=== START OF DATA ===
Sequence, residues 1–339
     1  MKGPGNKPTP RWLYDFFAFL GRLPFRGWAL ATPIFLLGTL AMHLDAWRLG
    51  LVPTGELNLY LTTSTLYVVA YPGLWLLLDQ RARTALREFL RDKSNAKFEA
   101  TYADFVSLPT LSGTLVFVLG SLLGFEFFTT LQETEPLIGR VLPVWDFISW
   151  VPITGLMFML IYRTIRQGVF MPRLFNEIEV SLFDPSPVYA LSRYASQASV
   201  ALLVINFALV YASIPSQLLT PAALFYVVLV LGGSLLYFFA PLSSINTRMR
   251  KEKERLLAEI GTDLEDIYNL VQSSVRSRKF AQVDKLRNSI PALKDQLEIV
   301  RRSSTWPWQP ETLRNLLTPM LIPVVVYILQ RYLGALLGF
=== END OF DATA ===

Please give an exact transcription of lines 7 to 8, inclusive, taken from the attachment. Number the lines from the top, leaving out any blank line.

   251  KEKERLLAEI GTDLEDIYNL VQSSVRSRKF AQVDKLRNSI PALKDQLEIV
   301  RRSSTWPWQP ETLRNLLTPM LIPVVVYILQ RYLGALLGF